Commentary

Horse Sense For The Year Of The Horse

Jan. 31 marks the start of the Year of the Horse. The Chinese New Year is akin to Thanksgiving and Christmas combined, and then tripled in pomp and ceremony. New year, new clothes. New feng shui home goods. “Face” gifts for family and colleagues. 

If you are wondering why your brand in the U.S. or Europe should care: 

1. 92% of Chinese luxury consumers are dissatisfied with the luxury shopping experience domestically (2014 China Luxury Report, Ruder Finn), and are jetting abroad in double-digit growth to spend that money. From 2011 to 2012, Chinese tourists to the U.S. increased 35% to 1.47 million visitors (US OTTI); 24% to France to 1.39 million visitors. (France Tourism Board) Chinese New Year is peak travel time due to the “Golden Week”vacations.

2. Chinese consumers prefer to code their identity with premium western brands. French, Italian or English brands come with centuries of heritage that endow the appropriate gravitas to the consumer. But not just any old purse the next taitai has on her arm will do. They’re eschewing flashy monogrammed status symbols to understated styles that shout “sophisticated taste”(Luxury Without Borders: Chinese New Class of Shoppers Take on the World, McKinsey).

The Implications

1. Western brands should extend their home holiday marketing efforts after Black Friday and Christmas, well into the Chinese New Year to catch Chinese tourists.

2. Token, clichéd products and communications will increasingly ring hollow with an audience that is looking to build its identity with culturally resonant yet individualistic Western products.

I would also add a personal #3: 2014 the Year of the Horse is probably the best time in the next eight years (until the Year of the Dragon) to launch a brand big time to the Chinese tourist market. The horse is arguably the second-most beloved zodiac creature in the Chinese culture, only after the dragon. This predicates a boost in Chinese consumers' confidence and, thus, propensity to spend.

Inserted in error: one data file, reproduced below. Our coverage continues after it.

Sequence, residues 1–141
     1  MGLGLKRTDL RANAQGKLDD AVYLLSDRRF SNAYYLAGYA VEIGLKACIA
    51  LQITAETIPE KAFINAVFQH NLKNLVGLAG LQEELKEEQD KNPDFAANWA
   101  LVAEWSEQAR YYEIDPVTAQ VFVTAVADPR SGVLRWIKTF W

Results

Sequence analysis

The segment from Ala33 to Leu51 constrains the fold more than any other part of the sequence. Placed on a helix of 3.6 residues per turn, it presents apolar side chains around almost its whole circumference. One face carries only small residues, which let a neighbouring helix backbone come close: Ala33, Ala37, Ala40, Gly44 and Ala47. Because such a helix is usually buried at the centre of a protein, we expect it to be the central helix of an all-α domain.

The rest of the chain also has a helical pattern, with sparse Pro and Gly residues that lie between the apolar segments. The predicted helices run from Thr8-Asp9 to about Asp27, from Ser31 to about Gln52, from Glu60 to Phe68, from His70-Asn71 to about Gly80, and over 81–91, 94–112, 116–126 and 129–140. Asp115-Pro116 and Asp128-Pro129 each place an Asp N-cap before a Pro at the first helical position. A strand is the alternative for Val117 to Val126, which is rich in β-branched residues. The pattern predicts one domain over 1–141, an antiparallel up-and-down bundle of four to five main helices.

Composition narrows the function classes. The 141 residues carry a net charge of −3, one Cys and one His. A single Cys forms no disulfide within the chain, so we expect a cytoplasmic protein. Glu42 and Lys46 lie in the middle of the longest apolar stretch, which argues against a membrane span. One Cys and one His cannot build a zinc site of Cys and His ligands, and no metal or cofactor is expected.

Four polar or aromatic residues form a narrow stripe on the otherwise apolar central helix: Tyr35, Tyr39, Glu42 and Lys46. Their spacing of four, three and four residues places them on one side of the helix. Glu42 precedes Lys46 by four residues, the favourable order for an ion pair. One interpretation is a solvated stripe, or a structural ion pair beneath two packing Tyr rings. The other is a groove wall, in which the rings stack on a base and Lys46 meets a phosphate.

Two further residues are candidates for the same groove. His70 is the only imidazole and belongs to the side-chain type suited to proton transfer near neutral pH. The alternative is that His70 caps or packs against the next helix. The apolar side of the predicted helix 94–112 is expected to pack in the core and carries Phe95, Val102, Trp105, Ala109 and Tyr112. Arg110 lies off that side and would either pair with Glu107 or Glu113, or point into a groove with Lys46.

Early brands that have caught on have fallen mostly into a “traditional” approach, especially “entry level” luxury brands. Tiffany and Swarovski for example, have released all 12 of the zodiac animals as straightforward miniature figurines. For DKNY’s 2014 Horse collection, red satin jackets come emblazoned with a huge, gold embroidered traditional “running horse” motif.

Brands that keep their brand identity more prominent in the celebration mix, rather than falling into Chinese kitsch will arguably be more inspirational and successful in attracting new sophisticated audiences. Ultra-luxury brands are scoring highly in that respect. In 2013, Year of the Snake, Bulgari encircled their Fifth Avenue store with a huge sparkling serpent installation. It was a happy marriage of the brand’s authentic Serpenti legacy with the Chinese New Year. The snake is probably the least popular animal in the Chinese zodiac due to its sinister appearance. However, the Italian jeweler turned a stone into a diamond by emphasizing the western, sensuous aspects of the creature and interpreted it in a way that was true to the brand. 

If such a “lemon” of a year could turn gold with Bulgari’s Midas touch, 2014 Year of the Horse should be a golden shoo-in considering the strong equestrian heritage of many Western brands. The question, then is, how far should brands go in incorporating “Chineseness”into their offerings? Should Dior release a red-and-gold embroidered saddle bag? Remy Martin a gold bottle with a 24K gold inlaid centaur? 

Rolls Royce has just unveiled its commemorative Ghost Majestic Horse edition car. (It had previously released a Dragon car in 2012 but shunned the Year of the Snake) While the interior is more inline with Chinese traditional tastes, the exterior is a bold, stark, skeletal white.

Normally, a white car would be seen as extremely inauspicious during the festive new year, as white symbolizes death. Will this go down in history as a modern and Apple-like interpretation of the Chinese New Year? Or as a cultural faux pas?

Perhaps distilling a Western brand’s equestrian heritage to its essential “horseness” is the most Western, yet Eastern way of getting onto the Year of the Horse.

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